It turns unknowns into icons overnight — but "American Idol" isn't just for aspiring singers.
With its unparalleled exposure — the weekly audience is usually somewhere north of 30 million viewers — "Idol" is now launching record sales of the established artists who appear as guests.
As such, it has become a hot destination for music stars. Stevie Wonder and Shakira have appeared on recent programs, and veteran rocker Rod Stewart coached contestants on Tuesday's show and was set to sing on Wednesday's episode.
"It's a great opportunity for artists to be on the show in front of tens of millions of people," said Fletcher Foster, senior vice president of marketing for Capitol Records. "There's not a venue like that for music acts except when you come to the Grammy Awards and CMAs. But here's one program a week when you can be in front of that many eyeballs."
And those eyeballs are connected to wallets.
Barry Manilow's "Greatest Songs of the Fifties" soared from No. 24 to No. 4 on the pop charts — a sales increase of 140 percent — following his March appearance on the program. Shakira's new album, "Oral Fixation Vol. 2," jumped 11 spots on the Top 40 charts after her hip-shaking "Idol" performance three weeks ago.
Artists have enjoyed sales boosts even when they didn't sing on the show, which began in June 2002, said Geoff Mayfield, senior analyst for Billboard magazine. Lionel Richie appeared as a guest judge during "Idol's" early days and saw sales of his greatest-hits collections shoot up, Mayfield said.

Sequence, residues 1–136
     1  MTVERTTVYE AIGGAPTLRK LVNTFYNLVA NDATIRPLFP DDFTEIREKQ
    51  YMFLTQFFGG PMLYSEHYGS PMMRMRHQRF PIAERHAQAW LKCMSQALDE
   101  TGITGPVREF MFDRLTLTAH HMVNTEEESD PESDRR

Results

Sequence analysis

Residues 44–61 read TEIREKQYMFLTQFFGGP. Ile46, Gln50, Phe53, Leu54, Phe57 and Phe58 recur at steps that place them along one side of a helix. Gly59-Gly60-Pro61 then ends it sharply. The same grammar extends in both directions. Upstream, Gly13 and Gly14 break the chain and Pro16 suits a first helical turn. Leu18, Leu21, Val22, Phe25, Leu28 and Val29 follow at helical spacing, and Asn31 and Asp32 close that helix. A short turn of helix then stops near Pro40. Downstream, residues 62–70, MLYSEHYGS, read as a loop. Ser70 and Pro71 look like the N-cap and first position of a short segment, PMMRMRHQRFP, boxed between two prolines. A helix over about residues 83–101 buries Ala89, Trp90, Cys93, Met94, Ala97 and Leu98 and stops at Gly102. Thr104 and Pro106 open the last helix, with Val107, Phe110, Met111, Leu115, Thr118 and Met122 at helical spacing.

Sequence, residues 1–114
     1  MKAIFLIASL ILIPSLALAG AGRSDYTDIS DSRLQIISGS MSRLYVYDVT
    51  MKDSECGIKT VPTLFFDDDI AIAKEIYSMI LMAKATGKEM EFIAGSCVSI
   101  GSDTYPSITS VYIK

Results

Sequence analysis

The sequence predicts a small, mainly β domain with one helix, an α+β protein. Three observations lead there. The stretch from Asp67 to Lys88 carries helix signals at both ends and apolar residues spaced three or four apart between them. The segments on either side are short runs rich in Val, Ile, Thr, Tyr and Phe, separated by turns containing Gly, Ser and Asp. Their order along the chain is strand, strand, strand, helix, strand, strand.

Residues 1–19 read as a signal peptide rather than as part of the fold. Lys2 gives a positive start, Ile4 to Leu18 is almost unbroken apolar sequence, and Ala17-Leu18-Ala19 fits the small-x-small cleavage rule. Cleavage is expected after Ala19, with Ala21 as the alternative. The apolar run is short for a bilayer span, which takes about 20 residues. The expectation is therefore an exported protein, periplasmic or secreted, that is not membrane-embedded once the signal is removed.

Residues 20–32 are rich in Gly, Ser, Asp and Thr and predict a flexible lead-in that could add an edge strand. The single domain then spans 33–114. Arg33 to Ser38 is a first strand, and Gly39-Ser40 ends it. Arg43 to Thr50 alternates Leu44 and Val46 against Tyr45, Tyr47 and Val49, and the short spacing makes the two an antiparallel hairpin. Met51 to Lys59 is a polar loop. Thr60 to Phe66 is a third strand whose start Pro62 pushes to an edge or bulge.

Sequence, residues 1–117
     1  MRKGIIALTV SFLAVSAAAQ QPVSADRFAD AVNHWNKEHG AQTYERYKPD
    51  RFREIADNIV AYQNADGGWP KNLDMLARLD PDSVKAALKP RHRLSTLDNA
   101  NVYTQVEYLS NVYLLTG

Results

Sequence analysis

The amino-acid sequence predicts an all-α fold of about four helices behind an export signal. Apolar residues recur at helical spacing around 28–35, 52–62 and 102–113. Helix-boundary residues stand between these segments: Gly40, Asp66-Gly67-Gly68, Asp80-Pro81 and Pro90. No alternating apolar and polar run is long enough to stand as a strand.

In fact, stars don't even have to appear on "Idol" to enjoy a sales spike. Sales of two Keith Urban singles increased more than 20 percent after contestants performed the songs on the show, Foster said.
"It's just those songs reaching a new audience," he said.
Music stars started appearing on "Idol" during its second edition. LL Cool J, Brandy, Smokey Robinson, Gladys Knight, Gloria Estefan and record mogul Clive Davis are among the big names who've lent their star power to the show.
No other weekly program promises such a massive audience of music fans, Mayfield said.
"In this era, you don't really have a variety show in prime time," he said. "So even though it's a newfangled contraption, and more 'Amateur Hour' than 'Ed Sullivan,' 'American Idol' is today's version of a variety show. It's a weekly vehicle, not a once-a-year shot like the Grammys."
An "Idol" appearance can create its own media frenzy. After Kenny Rogers sang on the show two weeks ago, People magazine published a story about the country star, and radio stations added his new single to their playlists, Foster said.
Shakira's appearance was pegged to the release of a new single, said Lois Najarian, senior vice president of publicity for Epic Records: "It's an ideal place for a music star to be."